Top 5 Netflix TV Shows Everyone Will Love

The Crown

A fanciful historical drama about the life of Elizabeth II

Queen Elizabeth II of Great Britain, the longest reigning monarch alive, has now lived to see an autobiographical series on Netflix. The Crown begins in 1947, on the wedding day of the future queen to Duke Philip. Almost the entire upper class of the country was against this union. Soon, Elizabeth survives the death of her father and becomes a full-fledged queen. The queen ascended the throne at the age of 25, and already at 30 she had the whole Suez Crisis – an armed conflict in which England, France, Israel and Egypt participated.

The showrunners have nearly 70 years of material left over, so the Crown may be renewed until Netflix runs out of money. And the budget is huge – each scene looks like an episode from a serious full-length costume drama. In addition to luxurious sets and costumes, from the first season the viewer is entertained by the charismatic Claire Foy starring Matt Smith and traditional British humor.

13 Reasons Why

Scary story of a teenage suicide

Seventeen-year-old Hannah Baker commits suicide by opening her veins in the bathroom. From that moment on, her story is just beginning: different people receive parcels with cassettes on which the girl recorded an audio diary of thirteen parts. Each of them is addressed to friends of Hannah, whom she blames for suicide. The girl retells the key episodes of the last months of her life, and thus the viewer gradually learns who and how pushed the heroine to commit suicide. At first it looks like a common teenage nagging, but later the reasons become more convincing and scarier.

The showrunners honestly admitted that they filmed “13 Reasons Why” to draw attention to the problem of teenage suicide and convince teenagers to be more attentive and kind to each other. The authors even had the guts to include eerie scenes of rape and dissection, so shocking that they had to add a separate warning. Opinions about the show are divided: some think that it helps to understand the suffering of adolescents, while others believe that “Reasons” almost romanticizes suicide. At the very least, this series pushed teenagers to discuss with their parents problems that some talk about only in a suicide note.

“Causes” is an example of a TV show that has suffered from its popularity. Due to the huge interest, the showrunners for some reason have already filmed several more seasons, although the story is exhaustively told within the first.

Unbelievable

Critical miniseries based on real-life rape cases

Teenage Marie (Caitlin Deaver) reports to the police that she was raped. The investigation does not find solid evidence – the heroine, in fact, is recognized as a liar. After that, two female detectives (Toni Collette and Merritt Weaver) appear in her now twice broken life, who are not only ready to believe Marie’s words, but also see in what happened to her a connection with the case of an elusive serial rapist.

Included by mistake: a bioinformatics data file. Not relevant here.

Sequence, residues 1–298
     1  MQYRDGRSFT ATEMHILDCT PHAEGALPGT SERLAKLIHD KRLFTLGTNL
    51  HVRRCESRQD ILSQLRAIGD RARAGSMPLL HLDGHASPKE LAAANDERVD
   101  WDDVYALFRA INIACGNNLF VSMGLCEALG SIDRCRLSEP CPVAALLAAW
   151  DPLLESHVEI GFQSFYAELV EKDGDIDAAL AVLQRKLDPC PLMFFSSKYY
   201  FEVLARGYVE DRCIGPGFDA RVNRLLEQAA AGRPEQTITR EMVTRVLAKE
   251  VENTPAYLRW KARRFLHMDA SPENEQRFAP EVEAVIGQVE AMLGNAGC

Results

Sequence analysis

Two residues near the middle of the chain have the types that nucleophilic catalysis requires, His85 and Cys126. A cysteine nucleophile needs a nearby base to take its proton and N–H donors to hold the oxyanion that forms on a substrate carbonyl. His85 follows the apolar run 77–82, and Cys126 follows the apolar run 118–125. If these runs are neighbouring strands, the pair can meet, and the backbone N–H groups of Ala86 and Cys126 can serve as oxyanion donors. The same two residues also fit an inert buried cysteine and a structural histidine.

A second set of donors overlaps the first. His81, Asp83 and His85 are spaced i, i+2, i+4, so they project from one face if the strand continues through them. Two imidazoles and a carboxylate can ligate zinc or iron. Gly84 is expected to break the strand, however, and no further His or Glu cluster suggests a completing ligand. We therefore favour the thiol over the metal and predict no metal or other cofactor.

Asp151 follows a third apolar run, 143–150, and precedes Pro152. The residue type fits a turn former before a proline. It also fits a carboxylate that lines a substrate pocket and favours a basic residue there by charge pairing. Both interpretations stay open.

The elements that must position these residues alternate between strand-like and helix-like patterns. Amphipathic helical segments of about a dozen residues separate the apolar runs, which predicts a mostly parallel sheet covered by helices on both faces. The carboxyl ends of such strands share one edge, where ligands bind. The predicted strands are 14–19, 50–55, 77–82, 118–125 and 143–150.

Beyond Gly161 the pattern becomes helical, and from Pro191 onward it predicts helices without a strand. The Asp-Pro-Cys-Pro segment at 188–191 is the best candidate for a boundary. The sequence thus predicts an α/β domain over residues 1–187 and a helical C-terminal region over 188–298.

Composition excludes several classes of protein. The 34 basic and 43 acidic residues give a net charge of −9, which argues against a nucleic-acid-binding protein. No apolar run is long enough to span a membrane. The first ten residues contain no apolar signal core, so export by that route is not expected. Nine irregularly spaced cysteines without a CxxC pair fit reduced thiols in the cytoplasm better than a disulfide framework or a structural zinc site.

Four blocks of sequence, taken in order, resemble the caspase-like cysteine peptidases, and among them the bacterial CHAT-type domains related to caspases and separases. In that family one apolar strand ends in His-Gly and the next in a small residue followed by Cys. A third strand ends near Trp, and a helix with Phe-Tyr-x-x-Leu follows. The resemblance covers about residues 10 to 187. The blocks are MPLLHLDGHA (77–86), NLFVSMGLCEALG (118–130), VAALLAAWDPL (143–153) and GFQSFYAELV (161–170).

“Incredible” (although it is more accurate to translate the name as “Incredible”) is the maximum resonant study of victim blaming. The story of how the ignorance and mistrust of loved ones can sometimes cause as much pain as a violent crime.

House of Cards

Political thriller about the most unprincipled inhabitant of the Capitol

Ambitious Congressman Underwood (Kevin Spacey) first helps a colleague to become president in exchange for the post of secretary of state, and then takes revenge on him for breaking this promise and eventually becomes president himself. On the way to the cherished position, he does not disdain even murder. His wife is a match for him: Claire (Robin Wright) is also ready to go over the heads, wants to satisfy her ambitions and break into power. The hot couple is now acting together, then, it seems, is ready to finish each other.

House of Cards began to appear long before the election of Donald Trump, but fans constantly drew parallels between him and Underwood: the same suit, the same tie at a meeting with the Russian president, and so on. The series, perhaps, embodied all the worst nightmares of Americans about the collapse of their democracy. Another reason for the popularity of “House of Cards” is that it fully showed that behind the scenes of big politics, in fact, a cruel game of thrones is taking place.

Despite the numerous scandals that ended Spacey’s career and forced the showrunners to end the series with a short and controversial 6th season, House has earned a place of honor in the history of small screens.

Orange is the New Black

Dramedy about life in a women’s colony, the most successful series in Netflix history

Piper, a young girl from a respectable family, foolishly gets involved in a criminal scam, because of which she is sent to prison for many years. At first, the heroine seems like a very sissy woman who will die in a female colony, but with each new season she becomes an increasingly insane rip-off. For example, one day she organizes a prison artel that sews comfortable panties for women. True, gradually the main character’s struggle for survival is no longer at the center of the plot, but the dismantling of the numerous colorful factions of the colony. Among them are staff with security, a kitchen headed by a Russian grandmother, a caste of Latinos, Piper herself with her accomplices, and many others.

Orange Is the New Black is the easiest way to describe it as a pseudo-documentary reality show in an unusual location. There is no central storyline as such; instead, in each episode, the heroines solve new pressing issues. The series as a whole is dramatic, it raises current social topics: feminism, transphobia, racism, sexual violence and others.